Estate and Gift Tax – Is your IRA Protected from Creditors?
When we talk about Estate and Gift Tax and the world of asset protection, it has long been believed that retirement accounts, including Individual Retirement Accounts (IRAs), are not subject to the claims of creditors. However, a recent ruling by the U.S. Supreme Court has turned that belief on its head, and you may need to do further planning.
The Court case is Clark v Rameker and it applies to Inherited IRAs. Let’s say that you inherited an IRA account from your father. If you were to invest well and take only the required minimum distributions from the account, this inherited IRA could last for another 20-30 years, and thus provide additional retirement planning for you.
In spite of those facts, however, you are not able to make additional contributions to an inherited IRA and you can withdraw funds from the inherited IRA without tax penalty. Therefore, the Supreme Court says that the inherited IRA is not really a retirement account, and not protected as an exempt asset under bankruptcy laws. If you can have access to those funds whenever you like, then your creditors should be able to have the same access.
It seems that retirement planning and saving in general is under attack. After decades of incentivizing (through tax deferrals) retirement savings through 401ks, IRAs, and other retirement plans, members of Congress have recently made proposals to end the “stretch” payout provisions of retirement plans and cap the value of IRAs. So, the decision by the Supreme Court, that an inherited IRA is not really a retirement account, is not totally surprising.
States are still able to create their own bankruptcy exemptions that are not preempted by federal law. Several states have already passed laws protecting inherited IRAs in bankruptcy cases, and other states may follow. But what can you do if you want to leave your IRA to your heirs?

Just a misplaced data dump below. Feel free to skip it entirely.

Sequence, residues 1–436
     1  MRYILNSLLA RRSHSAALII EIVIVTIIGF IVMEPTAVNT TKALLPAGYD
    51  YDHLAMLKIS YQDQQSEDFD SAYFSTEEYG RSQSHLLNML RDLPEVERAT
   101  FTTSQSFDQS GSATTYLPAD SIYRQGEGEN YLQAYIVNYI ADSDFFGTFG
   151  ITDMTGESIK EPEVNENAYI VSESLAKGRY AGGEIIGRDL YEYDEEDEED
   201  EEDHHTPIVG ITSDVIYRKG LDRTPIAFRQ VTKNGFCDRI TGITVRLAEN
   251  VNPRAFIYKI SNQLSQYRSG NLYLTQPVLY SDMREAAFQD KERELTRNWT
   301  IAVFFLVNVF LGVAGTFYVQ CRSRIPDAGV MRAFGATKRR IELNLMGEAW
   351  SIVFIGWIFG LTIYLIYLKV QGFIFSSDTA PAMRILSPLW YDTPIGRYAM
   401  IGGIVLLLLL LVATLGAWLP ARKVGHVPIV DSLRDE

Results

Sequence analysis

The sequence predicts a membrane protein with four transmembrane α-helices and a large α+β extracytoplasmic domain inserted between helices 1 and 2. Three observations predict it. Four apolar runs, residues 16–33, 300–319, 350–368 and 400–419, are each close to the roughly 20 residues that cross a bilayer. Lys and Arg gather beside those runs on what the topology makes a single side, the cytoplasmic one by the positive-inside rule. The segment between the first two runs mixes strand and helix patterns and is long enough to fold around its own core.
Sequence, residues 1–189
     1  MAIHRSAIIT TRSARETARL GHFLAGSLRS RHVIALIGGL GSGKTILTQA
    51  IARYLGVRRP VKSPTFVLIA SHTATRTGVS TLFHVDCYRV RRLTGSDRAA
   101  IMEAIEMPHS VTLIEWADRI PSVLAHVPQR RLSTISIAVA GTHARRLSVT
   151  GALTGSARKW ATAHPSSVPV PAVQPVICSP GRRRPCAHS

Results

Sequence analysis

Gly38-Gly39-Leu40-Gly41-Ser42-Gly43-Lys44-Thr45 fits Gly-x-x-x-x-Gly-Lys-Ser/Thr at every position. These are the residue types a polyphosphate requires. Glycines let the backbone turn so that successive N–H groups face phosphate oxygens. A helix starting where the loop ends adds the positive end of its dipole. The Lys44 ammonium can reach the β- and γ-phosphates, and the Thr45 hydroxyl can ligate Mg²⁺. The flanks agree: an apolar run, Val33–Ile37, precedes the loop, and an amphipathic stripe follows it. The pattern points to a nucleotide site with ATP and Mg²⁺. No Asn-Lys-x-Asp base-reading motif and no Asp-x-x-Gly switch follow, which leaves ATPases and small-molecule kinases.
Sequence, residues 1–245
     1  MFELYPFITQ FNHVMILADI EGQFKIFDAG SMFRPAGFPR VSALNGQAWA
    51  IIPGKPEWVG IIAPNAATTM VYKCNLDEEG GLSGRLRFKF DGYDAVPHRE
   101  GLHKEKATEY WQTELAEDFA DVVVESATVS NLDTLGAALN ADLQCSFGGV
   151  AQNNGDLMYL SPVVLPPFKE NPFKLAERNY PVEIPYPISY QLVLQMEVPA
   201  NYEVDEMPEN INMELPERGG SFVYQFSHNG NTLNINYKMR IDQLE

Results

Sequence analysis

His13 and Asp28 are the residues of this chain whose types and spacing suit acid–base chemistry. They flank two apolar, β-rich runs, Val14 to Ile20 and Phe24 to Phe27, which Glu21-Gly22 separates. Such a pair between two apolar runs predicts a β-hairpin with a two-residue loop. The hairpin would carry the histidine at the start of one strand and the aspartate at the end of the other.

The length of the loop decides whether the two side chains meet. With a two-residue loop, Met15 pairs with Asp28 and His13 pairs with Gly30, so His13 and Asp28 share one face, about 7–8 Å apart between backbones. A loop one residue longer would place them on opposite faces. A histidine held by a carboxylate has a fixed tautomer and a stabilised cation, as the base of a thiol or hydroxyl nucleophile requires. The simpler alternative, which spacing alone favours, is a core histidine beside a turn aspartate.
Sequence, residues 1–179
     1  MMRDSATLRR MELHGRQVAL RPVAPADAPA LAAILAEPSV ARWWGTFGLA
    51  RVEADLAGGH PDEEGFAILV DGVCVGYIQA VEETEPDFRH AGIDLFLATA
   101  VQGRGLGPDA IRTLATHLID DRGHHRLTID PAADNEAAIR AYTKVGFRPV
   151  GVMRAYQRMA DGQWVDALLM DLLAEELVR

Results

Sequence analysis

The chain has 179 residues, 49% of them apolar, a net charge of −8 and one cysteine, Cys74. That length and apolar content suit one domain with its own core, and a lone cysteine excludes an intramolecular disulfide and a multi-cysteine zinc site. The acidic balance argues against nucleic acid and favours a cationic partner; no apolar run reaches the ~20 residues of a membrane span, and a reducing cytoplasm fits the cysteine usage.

For many people, an IRA or other retirement account is their largest asset, and most of us would prefer to pass an inheritance to our loved ones protected from their creditors. If you’re married, a spousal rollover of your IRA is still protected. You should, of course, check with your professional advisors for your specific situation. However, it may turn out that the ideal solution to avoid the inherited IRA problem on the death of the second spouse is to name a trust, not an individual, as the designated beneficiary of your IRA. Proper trust planning can actually circumvent the Clark v Rameker decision.
These IRA beneficiary trusts are often called “look through trusts” because, for administrative purposes, the IRS looks through the trust to the individual beneficiary. As such, these trusts can take advantage of the “stretch out” provisions mentioned above that allow minimal distributions, and decades of tax-deferred appreciation for the beneficiary.
Trusts are useful for creditor protection because they typically have provisions built in that require the trustee to manage the trust for the benefit of the beneficiary, and disallow the payment of trust assets to creditors. Again, check with your professional advisor to see what is best for your specific situation.